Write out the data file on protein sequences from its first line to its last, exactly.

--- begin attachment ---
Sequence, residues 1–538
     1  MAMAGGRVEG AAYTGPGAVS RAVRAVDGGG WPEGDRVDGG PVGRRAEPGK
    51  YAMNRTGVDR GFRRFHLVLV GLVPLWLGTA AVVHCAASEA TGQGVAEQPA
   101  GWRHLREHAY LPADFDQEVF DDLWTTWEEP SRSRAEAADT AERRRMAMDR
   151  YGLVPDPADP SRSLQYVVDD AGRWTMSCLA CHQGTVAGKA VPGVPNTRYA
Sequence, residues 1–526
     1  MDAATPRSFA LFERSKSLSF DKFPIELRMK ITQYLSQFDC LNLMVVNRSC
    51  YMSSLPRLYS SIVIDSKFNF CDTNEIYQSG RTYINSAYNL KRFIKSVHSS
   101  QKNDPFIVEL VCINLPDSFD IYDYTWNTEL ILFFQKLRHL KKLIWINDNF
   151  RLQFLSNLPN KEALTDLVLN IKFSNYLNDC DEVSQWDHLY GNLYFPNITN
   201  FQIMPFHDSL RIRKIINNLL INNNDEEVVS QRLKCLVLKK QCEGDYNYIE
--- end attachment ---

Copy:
Sequence, residues 1–538
     1  MAMAGGRVEG AAYTGPGAVS RAVRAVDGGG WPEGDRVDGG PVGRRAEPGK
    51  YAMNRTGVDR GFRRFHLVLV GLVPLWLGTA AVVHCAASEA TGQGVAEQPA
   101  GWRHLREHAY LPADFDQEVF DDLWTTWEEP SRSRAEAADT AERRRMAMDR
   151  YGLVPDPADP SRSLQYVVDD AGRWTMSCLA CHQGTVAGKA VPGVPNTRYA
Sequence, residues 1–526
     1  MDAATPRSFA LFERSKSLSF DKFPIELRMK ITQYLSQFDC LNLMVVNRSC
    51  YMSSLPRLYS SIVIDSKFNF CDTNEIYQSG RTYINSAYNL KRFIKSVHSS
   101  QKNDPFIVEL VCINLPDSFD IYDYTWNTEL ILFFQKLRHL KKLIWINDNF
   151  RLQFLSNLPN KEALTDLVLN IKFSNYLNDC DEVSQWDHLY GNLYFPNITN
   201  FQIMPFHDSL RIRKIINNLL INNNDEEVVS QRLKCLVLKK QCEGDYNYIE